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Celebrating 20 years of the technologies, trailblazers, and trendsetters shaping the global economy.EmTech MIT is the highlight of our year.

Held on the MIT campus in Cambridge, MA, our flagship annual event offers a carefully curated perspective on the most significant developments of the year, with a focus on understanding their potential economic and societal impact.MIT Technology Review’s editors will bring to life the most significant advances in AI, climate adaption, personalized medicine, data security, and more at this year’s EmTech MIT.

In areas from urban planning to agriculture, we will examine innovative initiatives underway to support communities and regional economies through adaptation to a changed climate.

The stakes are rising as new technologies—from the ability to edit the human genome to artificial intelligences we don’t fully understand—are created and shared nearly immediately at global scale.

Elon Musk’s brain-interface company is promising big news. Here’s what it could be.

Neuralink, the secretive company bankrolled by Elon Musk to develop brain-computer interfaces, will provide its first public update later today in an event streamed over the internet.

This could be the big reveal of what the mysterious company has been up to since Musk announced it two years ago, and hired a pack of leading university neuroscientists to pursue his goal of connecting human brains directly to artificial-intelligence software.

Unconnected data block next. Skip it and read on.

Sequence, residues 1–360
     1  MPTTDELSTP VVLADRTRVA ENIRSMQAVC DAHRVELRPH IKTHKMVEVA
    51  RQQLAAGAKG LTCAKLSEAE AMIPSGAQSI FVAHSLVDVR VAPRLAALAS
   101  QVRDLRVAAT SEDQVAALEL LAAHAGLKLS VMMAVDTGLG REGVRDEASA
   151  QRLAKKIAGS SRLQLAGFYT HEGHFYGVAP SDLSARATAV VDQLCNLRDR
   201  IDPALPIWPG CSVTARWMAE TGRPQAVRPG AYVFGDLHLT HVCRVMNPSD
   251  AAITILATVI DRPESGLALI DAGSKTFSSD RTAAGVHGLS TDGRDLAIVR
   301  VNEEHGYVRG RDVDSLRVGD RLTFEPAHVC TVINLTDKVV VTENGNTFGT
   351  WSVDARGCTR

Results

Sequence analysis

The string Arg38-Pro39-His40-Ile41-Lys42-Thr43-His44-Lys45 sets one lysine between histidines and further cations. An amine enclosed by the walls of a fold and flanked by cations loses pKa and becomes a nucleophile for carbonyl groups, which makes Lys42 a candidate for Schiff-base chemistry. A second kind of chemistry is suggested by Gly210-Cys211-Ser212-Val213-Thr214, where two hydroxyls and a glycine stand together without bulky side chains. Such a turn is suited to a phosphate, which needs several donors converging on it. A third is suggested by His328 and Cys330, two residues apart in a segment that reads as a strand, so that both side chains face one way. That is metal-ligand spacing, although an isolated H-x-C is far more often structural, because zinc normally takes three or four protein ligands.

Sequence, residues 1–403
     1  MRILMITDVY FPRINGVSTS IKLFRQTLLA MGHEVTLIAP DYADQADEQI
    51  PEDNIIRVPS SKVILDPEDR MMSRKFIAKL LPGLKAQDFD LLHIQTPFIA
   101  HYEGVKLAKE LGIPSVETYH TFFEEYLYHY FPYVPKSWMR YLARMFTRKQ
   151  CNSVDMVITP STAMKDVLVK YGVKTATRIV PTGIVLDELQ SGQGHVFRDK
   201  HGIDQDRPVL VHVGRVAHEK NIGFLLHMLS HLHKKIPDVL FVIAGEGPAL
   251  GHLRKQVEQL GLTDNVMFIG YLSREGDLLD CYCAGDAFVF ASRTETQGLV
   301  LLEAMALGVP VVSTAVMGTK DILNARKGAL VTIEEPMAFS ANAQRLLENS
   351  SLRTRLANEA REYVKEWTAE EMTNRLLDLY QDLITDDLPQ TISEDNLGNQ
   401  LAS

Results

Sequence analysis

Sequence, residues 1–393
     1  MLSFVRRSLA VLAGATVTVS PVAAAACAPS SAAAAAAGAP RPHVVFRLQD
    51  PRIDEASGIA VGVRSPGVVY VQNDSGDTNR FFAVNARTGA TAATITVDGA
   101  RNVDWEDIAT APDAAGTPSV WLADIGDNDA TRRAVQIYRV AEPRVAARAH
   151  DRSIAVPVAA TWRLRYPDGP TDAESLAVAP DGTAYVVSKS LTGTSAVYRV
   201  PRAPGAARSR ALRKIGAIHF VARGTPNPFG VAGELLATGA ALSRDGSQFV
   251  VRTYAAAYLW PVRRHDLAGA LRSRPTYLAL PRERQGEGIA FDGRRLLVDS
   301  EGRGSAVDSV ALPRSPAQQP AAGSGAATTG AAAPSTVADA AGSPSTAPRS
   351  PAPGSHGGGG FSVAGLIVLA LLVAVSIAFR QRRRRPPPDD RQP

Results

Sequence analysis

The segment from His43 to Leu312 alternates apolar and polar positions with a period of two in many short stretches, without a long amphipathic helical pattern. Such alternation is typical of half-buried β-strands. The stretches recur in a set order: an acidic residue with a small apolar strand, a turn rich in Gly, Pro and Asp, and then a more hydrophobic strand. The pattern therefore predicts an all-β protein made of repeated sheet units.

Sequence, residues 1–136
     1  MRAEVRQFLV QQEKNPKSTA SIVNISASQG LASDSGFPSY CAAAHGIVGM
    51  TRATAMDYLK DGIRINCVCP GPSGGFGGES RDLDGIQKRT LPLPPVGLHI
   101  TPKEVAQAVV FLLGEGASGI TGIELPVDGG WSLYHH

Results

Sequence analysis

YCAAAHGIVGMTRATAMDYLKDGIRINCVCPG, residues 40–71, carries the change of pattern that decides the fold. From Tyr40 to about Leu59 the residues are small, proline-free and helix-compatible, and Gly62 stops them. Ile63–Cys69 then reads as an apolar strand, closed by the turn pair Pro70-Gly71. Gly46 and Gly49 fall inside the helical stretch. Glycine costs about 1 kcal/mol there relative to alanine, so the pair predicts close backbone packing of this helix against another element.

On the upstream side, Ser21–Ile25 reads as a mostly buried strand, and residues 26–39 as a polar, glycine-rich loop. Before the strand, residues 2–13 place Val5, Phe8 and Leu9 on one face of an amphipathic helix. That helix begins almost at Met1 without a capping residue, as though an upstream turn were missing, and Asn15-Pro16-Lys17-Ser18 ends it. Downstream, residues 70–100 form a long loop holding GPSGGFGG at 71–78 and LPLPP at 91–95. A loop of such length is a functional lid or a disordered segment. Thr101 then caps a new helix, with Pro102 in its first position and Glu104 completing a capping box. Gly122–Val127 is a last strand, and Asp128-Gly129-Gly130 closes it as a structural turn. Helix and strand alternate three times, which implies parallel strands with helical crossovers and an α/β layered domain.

A look at the available evidence suggests Neuralink will show off a “high-bandwidth” connection to a monkey brain—one able to extract lots of information by recording the activity of many neurons at once, using ultrathin flexible electrodes.

Previously, experimental brain interfaces have been used to let paralyzed humans move cursors and robotic arms with their thoughts, to try to listen in to their speech, to stimulate memory formation, and to try to treat depression.

Based on speculation from outside experts, former insiders, and the past work of scientists Neuralink has hired, the company may be using what’s called a neural “sewing machine” to inject flexible wire electrodes into a monkey’s brain and then record from a very large number of neurons at once.

Members of the company’s founding team have worked on brain interfaces as widely different as tiny metal seeds (so-called “neural dust”) powered by sound waves and holograms that convey data into animal brains.

“If you want to augment a human, you need to do a lot of basic work first.” (We emailed several Neuralink employees for comment, including Hodak, but didn’t hear back.) Some scientists are concerned about focusing too much on the sheer number of electrodes that can be stuffed into a brain.

In 2017 DARPA handed out $65 million to build a “brain modem” that could connect with a million neurons, but José-Alain Sahel, who is working on brain implants to restore vision at the University of Pittsburgh, told me he’s suggested that the agency deemphasize the numerical goal.

“What’s important for treatments is whether the signal is meaningful.” One factor behind the drive for a dense web of connections is the hope that if the brain can be measured at a larger scale, then the buzzing of thousands, or millions, of neurons could be fed into a deep-learning program—like those in development by OpenAI, another Musk venture.

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